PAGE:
2 min read

Hire Problem Solvers. It's a Mindset.

If you view people and teams as problem solvers first, and not box them in by their role definition, adaptability becomes built into the culture of your company.

45-second read (+1 min. video)

It’s simple: The ROI of a problem solver is far greater than that of a role filler.

Retention is higher. Referrals are higher. And their overall contribution to the business expands beyond the boundaries of their job description. (They’ll shock the hell out of you.)

Role fillers can be a liability. They’re transitory. They view a job as a job. They have lower buy-in and therefore less loyalty and commitment to the business. In the end, role fillers can end up costing you a lot of money.

Strategically:

If you view people and teams as problem solvers first, and not box them in by their role definition, adaptability becomes built into the culture of your company.

A role is just the entry point for how a problem solver contributes.

Again, it’s a mindset.

How this impacts recruiting:

Problem solvers can come in non-traditional packages.

Yet, companies will use a role to define whom they can and cannot recruit—putting limitations on their recruiters and hiring managers.

These limitations at the recruiting level end up informing how a person can and cannot contribute to the business—constraining their ability to influence the larger mission.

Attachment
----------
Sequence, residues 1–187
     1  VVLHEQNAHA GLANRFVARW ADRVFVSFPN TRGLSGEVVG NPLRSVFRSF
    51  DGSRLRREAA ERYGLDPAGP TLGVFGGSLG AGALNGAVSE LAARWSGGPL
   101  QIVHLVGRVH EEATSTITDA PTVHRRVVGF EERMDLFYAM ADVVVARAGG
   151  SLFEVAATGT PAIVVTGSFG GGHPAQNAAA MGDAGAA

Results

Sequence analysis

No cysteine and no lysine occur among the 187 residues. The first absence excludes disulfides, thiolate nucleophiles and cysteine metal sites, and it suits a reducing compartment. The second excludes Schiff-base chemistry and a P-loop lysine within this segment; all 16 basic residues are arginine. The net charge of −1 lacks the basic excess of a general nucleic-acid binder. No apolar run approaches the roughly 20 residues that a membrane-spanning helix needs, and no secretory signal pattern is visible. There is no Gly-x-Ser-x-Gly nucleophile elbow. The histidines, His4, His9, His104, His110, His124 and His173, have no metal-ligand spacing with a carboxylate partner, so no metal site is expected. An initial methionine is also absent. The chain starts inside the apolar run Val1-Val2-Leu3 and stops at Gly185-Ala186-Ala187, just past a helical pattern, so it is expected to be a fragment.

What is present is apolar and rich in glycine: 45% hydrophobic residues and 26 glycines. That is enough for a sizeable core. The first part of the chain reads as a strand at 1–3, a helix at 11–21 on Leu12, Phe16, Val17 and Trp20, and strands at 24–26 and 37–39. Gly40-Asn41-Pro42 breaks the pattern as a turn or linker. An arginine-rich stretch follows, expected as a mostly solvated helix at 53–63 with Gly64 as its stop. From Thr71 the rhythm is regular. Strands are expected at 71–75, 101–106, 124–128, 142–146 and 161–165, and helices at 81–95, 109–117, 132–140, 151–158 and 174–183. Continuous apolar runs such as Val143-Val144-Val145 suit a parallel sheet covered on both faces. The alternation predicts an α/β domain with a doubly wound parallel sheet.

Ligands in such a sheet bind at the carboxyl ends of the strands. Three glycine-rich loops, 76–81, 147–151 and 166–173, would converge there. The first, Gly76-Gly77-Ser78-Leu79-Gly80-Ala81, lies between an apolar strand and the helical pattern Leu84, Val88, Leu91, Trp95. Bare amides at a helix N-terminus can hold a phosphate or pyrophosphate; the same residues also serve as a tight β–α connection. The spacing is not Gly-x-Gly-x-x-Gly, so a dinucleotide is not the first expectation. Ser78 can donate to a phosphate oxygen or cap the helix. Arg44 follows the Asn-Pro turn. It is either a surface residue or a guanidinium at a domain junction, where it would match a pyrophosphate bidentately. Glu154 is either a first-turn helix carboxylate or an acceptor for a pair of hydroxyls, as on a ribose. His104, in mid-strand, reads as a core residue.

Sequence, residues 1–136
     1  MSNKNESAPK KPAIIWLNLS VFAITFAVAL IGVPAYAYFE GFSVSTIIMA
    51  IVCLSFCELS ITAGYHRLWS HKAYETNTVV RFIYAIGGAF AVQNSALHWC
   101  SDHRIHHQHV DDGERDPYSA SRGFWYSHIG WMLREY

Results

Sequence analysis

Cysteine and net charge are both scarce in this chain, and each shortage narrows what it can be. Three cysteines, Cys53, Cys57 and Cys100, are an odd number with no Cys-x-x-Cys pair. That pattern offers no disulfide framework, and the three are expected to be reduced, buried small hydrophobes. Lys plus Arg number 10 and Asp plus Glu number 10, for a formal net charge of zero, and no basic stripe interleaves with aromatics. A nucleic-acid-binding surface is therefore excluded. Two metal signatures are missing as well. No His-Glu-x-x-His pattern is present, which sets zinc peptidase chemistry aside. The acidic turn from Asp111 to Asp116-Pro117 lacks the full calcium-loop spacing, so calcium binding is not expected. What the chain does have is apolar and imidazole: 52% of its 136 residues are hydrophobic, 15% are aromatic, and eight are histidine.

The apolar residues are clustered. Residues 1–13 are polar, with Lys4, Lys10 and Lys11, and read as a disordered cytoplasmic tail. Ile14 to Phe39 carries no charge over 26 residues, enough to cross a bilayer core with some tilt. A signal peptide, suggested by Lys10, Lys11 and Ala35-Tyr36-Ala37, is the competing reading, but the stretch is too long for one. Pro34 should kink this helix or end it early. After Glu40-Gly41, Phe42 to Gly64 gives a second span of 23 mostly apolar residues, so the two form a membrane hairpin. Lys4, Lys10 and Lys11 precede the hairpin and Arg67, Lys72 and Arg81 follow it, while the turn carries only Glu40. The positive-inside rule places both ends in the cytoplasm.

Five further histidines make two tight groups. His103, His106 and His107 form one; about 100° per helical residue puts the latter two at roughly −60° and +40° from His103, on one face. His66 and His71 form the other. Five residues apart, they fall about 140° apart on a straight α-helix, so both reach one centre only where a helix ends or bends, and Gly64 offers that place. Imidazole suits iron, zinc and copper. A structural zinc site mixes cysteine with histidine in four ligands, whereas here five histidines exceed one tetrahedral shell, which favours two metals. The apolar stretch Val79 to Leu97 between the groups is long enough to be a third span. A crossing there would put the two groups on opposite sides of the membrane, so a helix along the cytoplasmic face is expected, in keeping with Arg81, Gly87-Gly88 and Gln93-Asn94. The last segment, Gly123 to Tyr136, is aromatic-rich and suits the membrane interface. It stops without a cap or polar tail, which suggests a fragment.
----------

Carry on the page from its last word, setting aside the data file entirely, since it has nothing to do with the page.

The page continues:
How this relates to retention:

Being put in a position to solve interesting problems keeps people inspired and engaged.

Companies and operators need to realize that most employees can't just put themselves in a position to solve problems. This opportunity needs to be given to them.

Unfortunately, most of the “givers” are blind to the fact that that's their actual job.


“Hire problem solvers, not role fillers” is a very agreeable thing to say. It’s also easier said than done.

This works particularly well for small, flexible orgs that can take calculated risks and hire outside the box. For larger companies, this requires an intentional approach to hiring. Because once things start to scale, it's hard not to play the "butts in seats as fast as possible" game. And when you do, it's even harder (if not impossible) to get out of it.

Equally agreeable, and equally true: It’s a necessity for recruiters and hiring managers to have the freedom to look past the resume and screen for EQ, flexibility, and adaptability—especially at the startup level.

Identifying these problem-solving traits is a skill. Those that have it can find gems in a sea of sameness and hire long-term, high ROI employees who are flexible enough to adjust to the many (guaranteed) pivots as the org quickly scales.

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